What Can We Learn From Washington?
by Will Harling
This past spring, a contingent of fish habitat restorationists from around the Klamath River went up to Washington State to learn from four decades of salmon habitat restoration on the Olympic Peninsula and around the Puget Sound. We were hosted by Larry Lestelle from Biostream and Rocky Rocovich and Tim Abbe from Natural Systems Design, Inc. Bill Armstrong from the Quinault Tribal Fisheries Program and Mike McHenry from the Lower Elwha Tribal Fisheries Program added a lot to the first two days of the tour. So much learning took place that it's hard to capture, but we wanted to share through photos some of the amazing projects they have going and the lessons learned from them in this post. Partial funding for this tour came from the National Forest Foundation.
Our first stop on the Quinault River above Quinault Lake where the river was threatening a bunch of homes. A series of log jams and meander jams was pushing the huge river back across the floodplain to river right and making some great fish habitat at the same time.
An impressive array of engineered log jams on the Quinault River. These lathed log piers are driven 30-40 feet into the substrate to prevent pier scour. These streams on the peninsula were mostly glacially carved, with deep alluvium.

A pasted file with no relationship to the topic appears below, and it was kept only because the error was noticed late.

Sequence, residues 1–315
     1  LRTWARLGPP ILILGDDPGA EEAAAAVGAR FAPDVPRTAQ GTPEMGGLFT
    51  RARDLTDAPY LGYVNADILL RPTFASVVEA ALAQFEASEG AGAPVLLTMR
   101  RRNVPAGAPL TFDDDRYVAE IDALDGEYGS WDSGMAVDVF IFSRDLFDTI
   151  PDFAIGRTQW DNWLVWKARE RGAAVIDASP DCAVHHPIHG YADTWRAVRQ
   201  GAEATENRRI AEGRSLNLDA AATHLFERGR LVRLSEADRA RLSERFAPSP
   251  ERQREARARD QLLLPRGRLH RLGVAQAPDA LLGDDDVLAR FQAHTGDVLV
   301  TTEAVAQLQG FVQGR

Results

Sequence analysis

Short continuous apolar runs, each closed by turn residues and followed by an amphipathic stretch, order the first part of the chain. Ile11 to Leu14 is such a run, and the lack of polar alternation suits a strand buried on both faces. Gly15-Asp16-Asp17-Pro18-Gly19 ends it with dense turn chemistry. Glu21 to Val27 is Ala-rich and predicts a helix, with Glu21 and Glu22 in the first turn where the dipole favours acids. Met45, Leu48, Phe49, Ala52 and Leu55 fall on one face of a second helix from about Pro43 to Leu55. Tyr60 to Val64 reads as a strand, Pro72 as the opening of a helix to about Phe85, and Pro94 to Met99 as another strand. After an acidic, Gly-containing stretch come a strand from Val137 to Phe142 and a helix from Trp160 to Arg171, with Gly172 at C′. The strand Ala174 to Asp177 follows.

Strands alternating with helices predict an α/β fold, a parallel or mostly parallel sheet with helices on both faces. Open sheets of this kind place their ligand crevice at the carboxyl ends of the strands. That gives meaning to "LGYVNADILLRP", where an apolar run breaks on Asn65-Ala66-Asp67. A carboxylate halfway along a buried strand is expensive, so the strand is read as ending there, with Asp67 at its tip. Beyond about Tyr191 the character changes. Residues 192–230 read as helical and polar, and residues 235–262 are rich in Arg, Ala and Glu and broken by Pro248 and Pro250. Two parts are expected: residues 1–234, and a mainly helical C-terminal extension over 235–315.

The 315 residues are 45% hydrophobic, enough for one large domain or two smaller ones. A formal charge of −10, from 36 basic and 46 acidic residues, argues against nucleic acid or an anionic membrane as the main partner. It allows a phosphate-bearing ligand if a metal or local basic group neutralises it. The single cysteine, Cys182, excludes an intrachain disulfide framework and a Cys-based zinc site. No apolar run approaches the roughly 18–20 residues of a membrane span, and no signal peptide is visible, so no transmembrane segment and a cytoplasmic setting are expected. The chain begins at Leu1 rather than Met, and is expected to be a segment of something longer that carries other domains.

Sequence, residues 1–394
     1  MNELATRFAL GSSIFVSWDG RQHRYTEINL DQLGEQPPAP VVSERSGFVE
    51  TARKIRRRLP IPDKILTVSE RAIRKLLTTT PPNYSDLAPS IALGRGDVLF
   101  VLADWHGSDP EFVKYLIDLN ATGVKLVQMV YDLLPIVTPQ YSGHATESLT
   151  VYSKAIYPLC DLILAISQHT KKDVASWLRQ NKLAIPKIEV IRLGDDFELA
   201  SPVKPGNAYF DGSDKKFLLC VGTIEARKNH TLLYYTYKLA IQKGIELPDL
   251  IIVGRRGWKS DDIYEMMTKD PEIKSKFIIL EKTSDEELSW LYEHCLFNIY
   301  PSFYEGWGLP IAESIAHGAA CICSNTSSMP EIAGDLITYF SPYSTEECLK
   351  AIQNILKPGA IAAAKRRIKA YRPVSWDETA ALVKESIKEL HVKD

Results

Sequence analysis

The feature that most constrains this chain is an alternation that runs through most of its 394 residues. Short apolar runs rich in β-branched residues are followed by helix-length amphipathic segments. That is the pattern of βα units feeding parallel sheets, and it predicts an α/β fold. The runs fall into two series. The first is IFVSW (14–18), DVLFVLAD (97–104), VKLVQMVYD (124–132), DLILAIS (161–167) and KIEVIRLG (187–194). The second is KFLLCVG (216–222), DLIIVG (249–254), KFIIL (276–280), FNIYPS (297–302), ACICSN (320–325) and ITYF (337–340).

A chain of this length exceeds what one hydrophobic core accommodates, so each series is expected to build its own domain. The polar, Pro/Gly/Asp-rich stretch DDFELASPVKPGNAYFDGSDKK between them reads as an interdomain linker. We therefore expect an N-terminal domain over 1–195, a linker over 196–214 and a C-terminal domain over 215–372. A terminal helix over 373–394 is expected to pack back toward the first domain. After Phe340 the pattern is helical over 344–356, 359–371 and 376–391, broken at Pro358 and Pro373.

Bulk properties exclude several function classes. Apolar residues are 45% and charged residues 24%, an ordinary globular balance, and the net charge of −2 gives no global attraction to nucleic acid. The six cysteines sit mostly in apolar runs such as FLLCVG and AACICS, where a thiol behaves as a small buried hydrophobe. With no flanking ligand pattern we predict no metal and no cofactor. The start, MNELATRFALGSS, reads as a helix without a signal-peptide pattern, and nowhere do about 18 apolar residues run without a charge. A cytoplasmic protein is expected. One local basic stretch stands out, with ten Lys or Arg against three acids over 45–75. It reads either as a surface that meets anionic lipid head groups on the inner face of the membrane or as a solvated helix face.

Larry Lestelle holding court, telling stories from the early days of coho life history construction, and subsequently coho habitat construction to meet specific life history needs. We have followed this model in the Klamath, first on Seiad Creek and the lower Klamath tribs like Hunter Creek, and now in Horse Creek, and the Scott Valley, with great success. But as Tim Abbe points out, this is not fixing stream process, just halting the trend towards extinction. We need to allow streams to reconnect to floodplains where they can so they can form habitats like this on their own. In the meantime, we'll keep building ponds.
Paradise Pond, one of the original off channel ponds constructed by Jeff Cederholm and Phil Peterson in the early ages of off channel pond construction 30+ years ago. What these guys hit upon was that it is habitat quality , and not quanitity, that depressed fish runs need to recover. If there is not off channel habitat in a stream system, juvenile coho have no where to go in high winter flows and they die. By sprinkling habitats like this throughout a system, you can rapidly reverse the trend toward extinction for coho salmon. This site keyed into a seep coming out of the mountain. They used dynamite to blast some deep holes out of the wetland then built a dam out of rock by hand to impound the water with a cheesy wood fish ladder. It was wildly successful but degraded quickly. Later the channel was re-contoured with an excavator with a meander to lower the gradient and increase fish access.
These jams still allow fish passage by having a tighter weave for the base and loose construction for the upper half. Logs are placed in an upstream facing chevron pattern that uses the stream force to lock them into place. Toz looks like he's getting some ideas for some streams back home.....